LG's decision is particularly concerning because the TV-maker has been a major backer of ATSC 3.0 from the get-go. In addition to co-developing the standard, it was one of the first companies to make ATSC 3.0-compatible sets in 2020. Its 2023 lineup of ATSC 3.0-compatible sets includes both 4K and 8K models. LG has been asked how many ATSC 3.0-capable TVs have been sold so far.

Patent battle fuels LG's decision

LG's decision to drop out of the ATSC 3.0 game stems to a court battle against a company holding patents tied to the new standard.

LG told the FCC that ATSC requires patent owners to disclose that they hold essential patents to standards in ATSC 3.0, and to commit to licensing such patents on RAND terms. Among examples, LG pointed to a pair of ATSC 3.0 patent pools managed by Avanci Broadcast and Via Licensing Alliance (VIA LA) that adhere to RAND terms.

Related:ATSC 3.0 transition 'in peril' without more FCC action, NAB claims

But LG argued that others are not on board with such terms and have become a source of legal trouble. LG specifically pointed to one such entity, Constellation Designs LLC (CD), which sued LG for patent infringement and won a jury verdict in a Texas court.

LG noted that the jury ruled against LG on four CD patents and awarded an effective royalty rate of $6.75 for every LG-made TV labeled with the NextGenTV logo. By way of comparison, LG notes that the Avanci pool license is capped at $3.00 even as new licensors or patents are added, while the base fee for a VIA LA license is $2.75 per unit.

"Excessive per-unit royalty rates resulting from litigation, and the threat (known and unknown) presented by patent holders that have not made commitments to license under RAND conditions, have a chilling effect on the deployment of advanced technologies by LG," Taylor explained. "In addition, patent litigation costs are very high, even when litigation is settled or otherwise resolved prior to trial. Moreover, consumers are adversely impacted by the results of reduced investment and slower deployment of technologies. This is a most unwelcome circumstance."

On that basis, LG is urging the FCC to examine the impact of patents held by entities that have not committed to offer their intellectual property under RAND terms.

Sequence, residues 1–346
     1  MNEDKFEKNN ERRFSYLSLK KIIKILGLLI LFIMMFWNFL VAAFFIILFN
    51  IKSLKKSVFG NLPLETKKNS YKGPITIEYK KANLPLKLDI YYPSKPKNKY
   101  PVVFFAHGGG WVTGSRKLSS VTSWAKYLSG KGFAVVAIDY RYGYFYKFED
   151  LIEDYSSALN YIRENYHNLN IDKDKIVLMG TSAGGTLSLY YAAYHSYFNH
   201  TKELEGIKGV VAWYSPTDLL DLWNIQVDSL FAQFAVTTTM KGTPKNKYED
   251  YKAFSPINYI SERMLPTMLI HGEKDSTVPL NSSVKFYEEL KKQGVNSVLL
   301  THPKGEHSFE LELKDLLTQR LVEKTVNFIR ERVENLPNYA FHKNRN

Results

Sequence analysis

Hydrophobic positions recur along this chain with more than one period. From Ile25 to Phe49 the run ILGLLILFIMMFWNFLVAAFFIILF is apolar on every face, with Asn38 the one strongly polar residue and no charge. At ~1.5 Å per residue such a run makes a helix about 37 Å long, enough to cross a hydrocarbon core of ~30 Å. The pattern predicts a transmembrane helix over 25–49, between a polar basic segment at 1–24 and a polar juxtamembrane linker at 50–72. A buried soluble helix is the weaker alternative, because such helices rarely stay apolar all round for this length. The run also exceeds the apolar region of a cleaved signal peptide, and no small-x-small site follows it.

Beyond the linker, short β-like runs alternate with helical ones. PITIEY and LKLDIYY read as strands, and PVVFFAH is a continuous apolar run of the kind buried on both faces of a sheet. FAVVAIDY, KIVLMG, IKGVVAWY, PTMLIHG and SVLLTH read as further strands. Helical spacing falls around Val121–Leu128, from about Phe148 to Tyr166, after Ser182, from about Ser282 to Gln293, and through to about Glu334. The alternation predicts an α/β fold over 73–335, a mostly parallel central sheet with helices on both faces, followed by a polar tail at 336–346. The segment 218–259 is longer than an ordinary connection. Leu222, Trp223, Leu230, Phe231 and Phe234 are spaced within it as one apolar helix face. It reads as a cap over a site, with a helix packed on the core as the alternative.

"In particular, the Commission should recognize that actions of certain patent holders present risks (including untenable costs) that impact the continued deployment of advanced technologies," Taylor wrote.

Update: ATSC President Madeleine Noland didn't comment on LG's case, but confirmed that ATSC participants are required to adhere to all organization policies, including those involving patents.

"The work of the Advanced Television Systems Committee is a collaborative effort, with hundreds of volunteers representing many varied interests working to develop standards for broadcasting.  In the process of setting standards, participants are required to adhere to all ATSC policies – including its patent policy," Noland said in a statement. "Typically, technology owners work together to develop licensing programs that offer access to inventions and also encourage the broad deployment of equipment that operates within the standardized system.  While we cannot comment on the specifics of the LG case, we trust that all parties involved are actively pursuing solutions to bring the benefits of next-generation broadcasting on future LG television models to U.S. viewers."

About the Author(s)

Jeff Baumgartner

Senior Editor, Light Reading

Jeff Baumgartner is a Senior Editor for Light Reading and is responsible for the day-to-day news coverage and analysis of the cable and video sectors. Follow him on X and LinkedIn.

Baumgartner also served as Site Editor for Light Reading Cable from 2007-2013. In between his two stints at Light Reading, he led tech coverage for Multichannel News and was a regular contributor to Broadcasting + Cable. Baumgartner was named to the 2018 class of the Cable TV Pioneers.